Backing Up Is Not Hard To Do

By Beth Cohen | Posted November 12, 2003

Does any of this sound familiar?

It has been one of those days; you booted up your computer as usual this morning and instead of giving a cheery beep your hard drive just started to make ominous whining noises and the screen remained stubbornly blank. It looks like you just lost your system disk. When was the last time you tested your backup system to see if it really worked? If the answer is never, you are about to find out about data backups the hard way. Do you have a good backup plan in place that can restore your systems quickly?

Or how about this? Your nephew the summer intern accidentally deleted the file with last month's receivables data. After you have given him a piece of your mind, you realize that fortunately you have an archive copy of the critical file on a backup CD that you make every month when reconciling the books. Aren't you glad that you instituted that system of regular archiving last year?

Then there is the IT consultant is recommending paying extra to put a RAID array into the company file server. He says something about how you cannot afford to have the server fail, so high availability would be a good idea. Isn't the existing tape backup system good enough?

A well-planned backup strategy with appropriate systems will save you both time and money when your computer systems fail or files are accidentally deleted — accidents will happen. Since hardware prices and connectivity costs have plummeted, backup systems and strategies have changed a lot, too. Redundancy that was formerly only available to large corporations is now within reach of even the tiniest company. Backup is the best insurance policy you can have for your business critical data, but there are some important things to think about when developing an overall backup system plan. Let's discuss the fundamentals of backup strategies and systems that make sense for smaller companies.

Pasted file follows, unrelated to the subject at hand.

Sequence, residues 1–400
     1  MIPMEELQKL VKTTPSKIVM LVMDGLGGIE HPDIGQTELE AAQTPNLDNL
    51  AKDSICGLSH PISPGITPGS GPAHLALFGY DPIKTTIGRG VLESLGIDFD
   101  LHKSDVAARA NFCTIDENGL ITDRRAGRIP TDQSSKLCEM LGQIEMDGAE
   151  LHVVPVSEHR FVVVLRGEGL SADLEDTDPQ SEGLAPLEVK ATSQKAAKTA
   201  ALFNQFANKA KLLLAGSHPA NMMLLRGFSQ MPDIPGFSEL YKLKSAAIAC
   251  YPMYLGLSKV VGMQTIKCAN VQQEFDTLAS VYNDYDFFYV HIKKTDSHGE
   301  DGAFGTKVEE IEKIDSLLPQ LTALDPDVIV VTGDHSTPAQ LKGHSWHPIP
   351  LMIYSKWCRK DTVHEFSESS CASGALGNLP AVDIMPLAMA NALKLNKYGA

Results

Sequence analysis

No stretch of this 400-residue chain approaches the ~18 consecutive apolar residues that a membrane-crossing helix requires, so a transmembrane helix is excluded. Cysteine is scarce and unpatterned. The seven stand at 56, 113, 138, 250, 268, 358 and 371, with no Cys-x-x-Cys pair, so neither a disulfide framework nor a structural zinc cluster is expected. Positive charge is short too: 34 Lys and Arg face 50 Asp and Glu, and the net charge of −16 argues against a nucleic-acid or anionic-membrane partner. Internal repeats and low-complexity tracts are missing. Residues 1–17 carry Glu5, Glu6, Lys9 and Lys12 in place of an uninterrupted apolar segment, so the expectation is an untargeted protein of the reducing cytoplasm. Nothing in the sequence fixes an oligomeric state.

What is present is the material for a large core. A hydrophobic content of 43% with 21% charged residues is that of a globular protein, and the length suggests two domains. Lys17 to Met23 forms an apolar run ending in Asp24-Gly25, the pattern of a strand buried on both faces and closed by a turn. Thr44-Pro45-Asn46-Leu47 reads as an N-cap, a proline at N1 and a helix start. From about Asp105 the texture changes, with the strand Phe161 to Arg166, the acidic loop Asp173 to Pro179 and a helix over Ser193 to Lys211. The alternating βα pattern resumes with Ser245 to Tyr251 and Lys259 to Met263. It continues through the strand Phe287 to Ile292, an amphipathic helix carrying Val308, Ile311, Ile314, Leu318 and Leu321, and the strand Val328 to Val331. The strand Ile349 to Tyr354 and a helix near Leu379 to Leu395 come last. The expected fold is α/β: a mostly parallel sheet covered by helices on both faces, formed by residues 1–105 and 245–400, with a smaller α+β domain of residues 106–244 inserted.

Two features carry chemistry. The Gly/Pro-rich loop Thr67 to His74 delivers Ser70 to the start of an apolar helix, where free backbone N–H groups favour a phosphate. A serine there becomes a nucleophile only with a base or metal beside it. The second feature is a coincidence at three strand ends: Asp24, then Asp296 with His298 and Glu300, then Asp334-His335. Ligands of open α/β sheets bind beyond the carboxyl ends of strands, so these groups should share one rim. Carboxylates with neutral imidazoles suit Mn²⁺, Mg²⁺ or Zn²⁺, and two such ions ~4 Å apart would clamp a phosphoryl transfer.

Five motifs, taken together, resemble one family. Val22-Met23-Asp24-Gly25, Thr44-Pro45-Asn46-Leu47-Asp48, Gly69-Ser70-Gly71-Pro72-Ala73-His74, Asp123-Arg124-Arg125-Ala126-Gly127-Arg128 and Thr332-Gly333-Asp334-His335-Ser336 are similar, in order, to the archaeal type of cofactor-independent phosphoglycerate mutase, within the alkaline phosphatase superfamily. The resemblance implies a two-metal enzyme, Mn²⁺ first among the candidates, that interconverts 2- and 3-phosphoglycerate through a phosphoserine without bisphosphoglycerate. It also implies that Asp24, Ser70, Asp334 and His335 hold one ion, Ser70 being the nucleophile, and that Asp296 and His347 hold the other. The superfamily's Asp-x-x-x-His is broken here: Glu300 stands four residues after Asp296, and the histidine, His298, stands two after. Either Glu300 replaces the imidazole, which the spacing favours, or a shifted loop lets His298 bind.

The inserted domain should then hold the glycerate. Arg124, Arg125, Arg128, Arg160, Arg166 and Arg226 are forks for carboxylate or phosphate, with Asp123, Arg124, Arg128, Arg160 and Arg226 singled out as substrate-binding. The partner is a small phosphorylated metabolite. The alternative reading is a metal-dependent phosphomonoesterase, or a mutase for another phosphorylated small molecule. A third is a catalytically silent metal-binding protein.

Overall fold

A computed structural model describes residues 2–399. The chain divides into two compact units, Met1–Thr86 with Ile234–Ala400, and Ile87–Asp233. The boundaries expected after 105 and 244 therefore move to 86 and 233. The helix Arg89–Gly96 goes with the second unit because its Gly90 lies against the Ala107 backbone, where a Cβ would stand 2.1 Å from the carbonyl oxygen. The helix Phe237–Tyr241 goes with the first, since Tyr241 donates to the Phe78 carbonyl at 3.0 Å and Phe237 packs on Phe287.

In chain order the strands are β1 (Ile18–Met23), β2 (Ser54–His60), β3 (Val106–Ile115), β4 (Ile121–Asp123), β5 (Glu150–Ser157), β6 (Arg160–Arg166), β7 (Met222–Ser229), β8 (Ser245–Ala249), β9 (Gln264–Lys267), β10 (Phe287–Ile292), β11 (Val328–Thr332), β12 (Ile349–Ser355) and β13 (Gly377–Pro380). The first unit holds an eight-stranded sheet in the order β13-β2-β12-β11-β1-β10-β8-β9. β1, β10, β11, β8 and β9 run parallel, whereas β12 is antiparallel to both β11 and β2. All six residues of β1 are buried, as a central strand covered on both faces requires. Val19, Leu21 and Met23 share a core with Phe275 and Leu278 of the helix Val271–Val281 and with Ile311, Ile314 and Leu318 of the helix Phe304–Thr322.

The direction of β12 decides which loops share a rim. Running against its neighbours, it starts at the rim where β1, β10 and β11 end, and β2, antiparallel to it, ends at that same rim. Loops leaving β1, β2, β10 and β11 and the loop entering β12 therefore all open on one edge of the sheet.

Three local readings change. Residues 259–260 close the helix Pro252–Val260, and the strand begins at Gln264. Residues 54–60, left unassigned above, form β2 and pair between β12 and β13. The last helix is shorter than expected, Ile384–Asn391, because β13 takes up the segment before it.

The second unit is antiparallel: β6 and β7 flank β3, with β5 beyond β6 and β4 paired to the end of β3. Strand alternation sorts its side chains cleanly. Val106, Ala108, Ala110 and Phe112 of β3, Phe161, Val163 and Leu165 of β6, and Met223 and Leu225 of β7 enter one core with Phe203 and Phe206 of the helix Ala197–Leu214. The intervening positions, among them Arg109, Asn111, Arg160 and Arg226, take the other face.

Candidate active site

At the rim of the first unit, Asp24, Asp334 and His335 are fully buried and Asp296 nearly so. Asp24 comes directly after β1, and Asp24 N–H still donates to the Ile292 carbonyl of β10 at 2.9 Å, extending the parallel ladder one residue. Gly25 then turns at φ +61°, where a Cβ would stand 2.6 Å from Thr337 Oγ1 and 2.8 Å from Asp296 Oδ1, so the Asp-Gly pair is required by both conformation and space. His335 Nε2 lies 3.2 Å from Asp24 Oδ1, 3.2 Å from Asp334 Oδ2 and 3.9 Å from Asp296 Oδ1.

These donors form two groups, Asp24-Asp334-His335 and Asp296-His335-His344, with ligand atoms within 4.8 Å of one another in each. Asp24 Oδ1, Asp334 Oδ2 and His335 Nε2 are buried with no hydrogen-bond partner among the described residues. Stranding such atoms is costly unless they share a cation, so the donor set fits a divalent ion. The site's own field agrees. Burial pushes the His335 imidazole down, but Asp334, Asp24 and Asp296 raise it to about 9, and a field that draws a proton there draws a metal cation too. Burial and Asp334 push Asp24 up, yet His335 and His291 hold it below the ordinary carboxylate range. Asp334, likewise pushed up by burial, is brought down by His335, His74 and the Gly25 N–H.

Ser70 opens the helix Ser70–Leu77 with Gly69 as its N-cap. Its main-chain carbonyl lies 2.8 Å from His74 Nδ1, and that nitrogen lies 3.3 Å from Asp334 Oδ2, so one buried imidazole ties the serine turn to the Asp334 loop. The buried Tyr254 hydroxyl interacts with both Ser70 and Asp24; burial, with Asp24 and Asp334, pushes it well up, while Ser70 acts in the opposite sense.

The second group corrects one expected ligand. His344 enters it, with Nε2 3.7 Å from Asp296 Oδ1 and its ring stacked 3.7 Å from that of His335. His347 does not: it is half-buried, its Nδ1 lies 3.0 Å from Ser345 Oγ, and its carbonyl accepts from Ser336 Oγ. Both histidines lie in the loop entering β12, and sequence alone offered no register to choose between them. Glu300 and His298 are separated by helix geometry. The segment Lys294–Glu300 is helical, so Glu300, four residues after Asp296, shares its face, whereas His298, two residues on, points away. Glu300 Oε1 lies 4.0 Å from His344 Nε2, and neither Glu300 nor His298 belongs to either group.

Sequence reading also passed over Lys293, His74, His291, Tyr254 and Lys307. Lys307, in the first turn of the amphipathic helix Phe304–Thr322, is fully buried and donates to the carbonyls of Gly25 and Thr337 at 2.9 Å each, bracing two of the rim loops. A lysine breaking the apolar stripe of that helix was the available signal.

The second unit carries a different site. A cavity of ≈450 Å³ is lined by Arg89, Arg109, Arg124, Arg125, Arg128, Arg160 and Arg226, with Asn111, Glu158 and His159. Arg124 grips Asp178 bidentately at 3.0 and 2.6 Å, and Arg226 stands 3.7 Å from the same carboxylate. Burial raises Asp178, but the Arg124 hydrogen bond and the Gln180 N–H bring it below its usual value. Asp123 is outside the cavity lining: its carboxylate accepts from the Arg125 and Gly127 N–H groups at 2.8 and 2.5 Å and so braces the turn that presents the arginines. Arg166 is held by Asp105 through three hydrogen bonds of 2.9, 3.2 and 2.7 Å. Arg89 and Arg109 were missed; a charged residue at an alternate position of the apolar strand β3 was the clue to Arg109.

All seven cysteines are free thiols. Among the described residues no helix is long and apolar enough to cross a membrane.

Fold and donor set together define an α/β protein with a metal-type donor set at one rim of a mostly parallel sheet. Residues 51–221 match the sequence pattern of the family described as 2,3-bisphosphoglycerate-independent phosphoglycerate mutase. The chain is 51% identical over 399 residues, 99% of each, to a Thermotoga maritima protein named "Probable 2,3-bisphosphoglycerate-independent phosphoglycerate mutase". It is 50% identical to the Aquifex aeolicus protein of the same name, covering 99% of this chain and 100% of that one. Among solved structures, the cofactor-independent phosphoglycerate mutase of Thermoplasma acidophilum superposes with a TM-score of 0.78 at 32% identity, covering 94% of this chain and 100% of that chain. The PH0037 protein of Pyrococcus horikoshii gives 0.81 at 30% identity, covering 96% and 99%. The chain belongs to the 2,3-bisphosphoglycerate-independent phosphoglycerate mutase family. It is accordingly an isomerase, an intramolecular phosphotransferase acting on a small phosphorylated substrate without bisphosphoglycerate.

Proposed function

Backup Systems Fundamentals
Backups actually serve two functions for an organization and the requirements for each are quite different. When a system experiences catastrophic failure it needs to be completely restored to the state it was in prior to failure — as quickly as possible. RAID and mirrored systems are generally used for this purpose. When simply archiving old data and retrieving files that people might have accidentally deleted, you are more concerned with a long-term record, so it is more important to maintain a series of historical backups. Tape or CD backups are better suited for this purpose.